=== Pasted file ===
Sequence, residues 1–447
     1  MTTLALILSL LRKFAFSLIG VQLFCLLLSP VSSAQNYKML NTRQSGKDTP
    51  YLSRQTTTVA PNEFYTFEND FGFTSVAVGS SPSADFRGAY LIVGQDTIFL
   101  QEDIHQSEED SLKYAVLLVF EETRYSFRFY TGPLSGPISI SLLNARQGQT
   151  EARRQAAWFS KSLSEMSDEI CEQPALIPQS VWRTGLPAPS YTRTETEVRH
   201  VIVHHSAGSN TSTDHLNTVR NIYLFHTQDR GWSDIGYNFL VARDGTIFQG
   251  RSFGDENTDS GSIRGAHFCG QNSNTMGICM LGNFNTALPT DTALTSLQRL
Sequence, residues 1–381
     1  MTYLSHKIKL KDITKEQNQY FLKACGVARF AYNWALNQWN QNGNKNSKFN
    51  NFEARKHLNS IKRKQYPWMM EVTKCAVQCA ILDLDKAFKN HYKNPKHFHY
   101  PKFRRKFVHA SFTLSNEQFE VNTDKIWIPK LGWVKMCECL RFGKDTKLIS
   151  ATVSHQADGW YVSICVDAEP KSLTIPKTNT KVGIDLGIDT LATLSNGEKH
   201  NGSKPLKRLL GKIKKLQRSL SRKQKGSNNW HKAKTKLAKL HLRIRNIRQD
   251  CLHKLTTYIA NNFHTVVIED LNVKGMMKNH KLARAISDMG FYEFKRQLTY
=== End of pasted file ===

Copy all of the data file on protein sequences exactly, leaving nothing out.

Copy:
Sequence, residues 1–447
     1  MTTLALILSL LRKFAFSLIG VQLFCLLLSP VSSAQNYKML NTRQSGKDTP
    51  YLSRQTTTVA PNEFYTFEND FGFTSVAVGS SPSADFRGAY LIVGQDTIFL
   101  QEDIHQSEED SLKYAVLLVF EETRYSFRFY TGPLSGPISI SLLNARQGQT
   151  EARRQAAWFS KSLSEMSDEI CEQPALIPQS VWRTGLPAPS YTRTETEVRH
   201  VIVHHSAGSN TSTDHLNTVR NIYLFHTQDR GWSDIGYNFL VARDGTIFQG
   251  RSFGDENTDS GSIRGAHFCG QNSNTMGICM LGNFNTALPT DTALTSLQRL
Sequence, residues 1–381
     1  MTYLSHKIKL KDITKEQNQY FLKACGVARF AYNWALNQWN QNGNKNSKFN
    51  NFEARKHLNS IKRKQYPWMM EVTKCAVQCA ILDLDKAFKN HYKNPKHFHY
   101  PKFRRKFVHA SFTLSNEQFE VNTDKIWIPK LGWVKMCECL RFGKDTKLIS
   151  ATVSHQADGW YVSICVDAEP KSLTIPKTNT KVGIDLGIDT LATLSNGEKH
   201  NGSKPLKRLL GKIKKLQRSL SRKQKGSNNW HKAKTKLAKL HLRIRNIRQD
   251  CLHKLTTYIA NNFHTVVIED LNVKGMMKNH KLARAISDMG FYEFKRQLTY